One workout video against exactly no-one has sent Kristaps Porzingis rocketing up draft boards but context is critical according to Emmet Ryan
For most of the past year Latvia’s Kristaps Porzingis has been the top European on NBA Draft boards. Last month however he finally slipped below the far more hyped Mario Hezonja. In terms of immediate readiness, this seem sensible. Both were lottery pick quality ballers but Hezonja, currently in the ACB Finals with Barcelona, looked far more capable of playing right away. Then this happened…
That single video has changed the conversation from perhaps Porzingis stays below Hezonja to perhaps Porzingis goes in the top two. Experienced analysts like Fran Fraschilla sent out the usual health warnings about what to believe and who to listen to right now but that’s not the dominant conversation. Instead it’s how high can Porzingis actually go and how much should we be afraid?
The two names that have been bandied about the most are Yi Jianlian, who had a similar boost from a hot workout video, and Porzingis’ fellow Latvian Andris Biedrins. Yi Jianlian was an abject failure in the NBA with his one real highlight being his combining with Yao Ming to deliver one of the most-viewed sporting events ever when they played each other in the 2007/08 season. Biedrins was serviceable for around three seasons at the Golden State Warriors but is best known for the epic collapse of his game that made him a laughing stock through the final four years of his NBA career.
Then there’s the name everyone is afraid to say. Darko. Darko, Darko, Darko, DARKO.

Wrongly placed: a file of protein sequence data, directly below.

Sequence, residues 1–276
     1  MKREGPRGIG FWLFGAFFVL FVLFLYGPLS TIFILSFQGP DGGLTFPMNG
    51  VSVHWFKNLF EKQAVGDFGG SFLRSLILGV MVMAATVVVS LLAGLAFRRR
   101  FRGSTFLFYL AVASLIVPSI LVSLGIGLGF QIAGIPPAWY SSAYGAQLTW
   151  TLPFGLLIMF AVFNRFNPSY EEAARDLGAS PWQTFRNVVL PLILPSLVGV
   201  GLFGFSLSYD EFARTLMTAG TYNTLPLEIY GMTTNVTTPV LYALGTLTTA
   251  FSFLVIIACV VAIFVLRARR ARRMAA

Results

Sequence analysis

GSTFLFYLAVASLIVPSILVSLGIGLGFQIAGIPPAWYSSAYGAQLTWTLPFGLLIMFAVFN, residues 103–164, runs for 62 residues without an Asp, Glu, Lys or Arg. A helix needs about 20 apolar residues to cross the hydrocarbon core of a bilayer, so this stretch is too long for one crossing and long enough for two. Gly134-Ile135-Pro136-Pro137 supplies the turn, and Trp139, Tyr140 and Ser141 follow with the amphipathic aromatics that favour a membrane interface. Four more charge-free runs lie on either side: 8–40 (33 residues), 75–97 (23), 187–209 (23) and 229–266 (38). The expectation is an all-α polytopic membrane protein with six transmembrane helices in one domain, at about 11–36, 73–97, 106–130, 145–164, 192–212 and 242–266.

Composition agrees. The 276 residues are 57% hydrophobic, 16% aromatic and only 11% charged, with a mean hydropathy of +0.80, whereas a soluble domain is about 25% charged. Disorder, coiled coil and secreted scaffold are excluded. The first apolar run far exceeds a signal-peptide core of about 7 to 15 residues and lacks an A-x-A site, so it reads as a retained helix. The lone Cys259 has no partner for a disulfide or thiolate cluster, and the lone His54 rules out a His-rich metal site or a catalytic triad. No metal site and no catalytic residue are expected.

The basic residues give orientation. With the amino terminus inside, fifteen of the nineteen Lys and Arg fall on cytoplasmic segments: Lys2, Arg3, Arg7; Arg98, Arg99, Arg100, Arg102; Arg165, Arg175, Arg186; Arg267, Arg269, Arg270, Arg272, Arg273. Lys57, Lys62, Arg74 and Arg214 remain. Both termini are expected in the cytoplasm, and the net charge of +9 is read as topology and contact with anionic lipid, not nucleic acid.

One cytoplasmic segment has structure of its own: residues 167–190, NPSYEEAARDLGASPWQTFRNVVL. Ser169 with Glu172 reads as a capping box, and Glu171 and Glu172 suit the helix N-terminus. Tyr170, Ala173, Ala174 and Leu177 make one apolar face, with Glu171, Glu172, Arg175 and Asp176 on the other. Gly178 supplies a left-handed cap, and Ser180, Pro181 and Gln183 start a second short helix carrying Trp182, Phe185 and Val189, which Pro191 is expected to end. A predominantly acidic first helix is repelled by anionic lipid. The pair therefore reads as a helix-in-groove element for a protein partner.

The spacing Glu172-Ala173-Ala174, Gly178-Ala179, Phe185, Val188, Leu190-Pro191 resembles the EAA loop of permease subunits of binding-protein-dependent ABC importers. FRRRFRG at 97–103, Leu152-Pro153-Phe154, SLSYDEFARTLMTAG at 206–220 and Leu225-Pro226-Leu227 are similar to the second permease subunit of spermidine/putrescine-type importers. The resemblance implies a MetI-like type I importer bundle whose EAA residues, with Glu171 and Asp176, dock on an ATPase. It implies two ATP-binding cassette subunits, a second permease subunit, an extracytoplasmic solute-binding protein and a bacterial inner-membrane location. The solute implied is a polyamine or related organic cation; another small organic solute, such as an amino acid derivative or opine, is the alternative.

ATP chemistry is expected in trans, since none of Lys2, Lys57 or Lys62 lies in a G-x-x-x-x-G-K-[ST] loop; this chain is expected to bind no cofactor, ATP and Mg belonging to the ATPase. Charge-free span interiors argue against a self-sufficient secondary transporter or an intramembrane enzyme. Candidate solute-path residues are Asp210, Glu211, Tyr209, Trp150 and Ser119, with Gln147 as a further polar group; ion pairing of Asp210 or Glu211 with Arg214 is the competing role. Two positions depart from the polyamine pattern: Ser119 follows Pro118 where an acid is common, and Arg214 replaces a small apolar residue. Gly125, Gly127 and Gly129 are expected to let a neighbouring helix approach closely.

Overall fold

The long history of Darko Milicic from being drafted way too high, bombing with the Pistons, and generally serving as a cautionary tale began with Detroit’s front office being impressed by his workout. Free Darko took its name from him, once basketball was done he tried MMA, and then he fed beer to his tattoos. Darko is the fear, the ultimate concern for any Euro going to the big show.
Read Sam Chadwick’s draft profile of Kristaps Porzingis
Perception however can be over-hyped just as much as a draft prospect. While sites like this cover Europe as a whole, the vast majority of fans are local. A Serbian fan doesn’t really care if a Latvian succeeds in the NBA, even a next door neighbour like a Lithuanian fan could go either way. If Porzingis bombs it will be a disappointment in Latvia but it’s not going to sour the view of front offices on Europe as a whole and it’s not going to bother all that many basketball fans over here.
As for the actual quality of player Porzingis is? Well he’s a well-rounded European big but if a team drafting him thinks they are getting anything other than that, it’s their own fault. Hoping they get more, that’s fine and that’s what you hope for with development, but right now we have got a lot more than one workout video to work off.
Porzingis has played extensively in the second best national league in the sport, behind only the NBA, with Sevilla. While Hezonja benefitted from playing with better players at a higher level, logging minutes in Euroleague, Porzingis got his shot to impress with a side that needed him to matter. In Eurocup, which is the tier behind Euroleague, Porzingis continued to log good minutes and was named the competition’s rising star (best young player). That’s a lot of time of real basketball against real teams who can test the young Latvia.
It doesn’t mean he’s going to be the man but it reflects the assessment from the top of this column. Porzingis has shown he has plenty of facets to his game to make it in the NBA. He may be a star, he may be a role player, he’s a couple of years from showing us really where it’s going to go.
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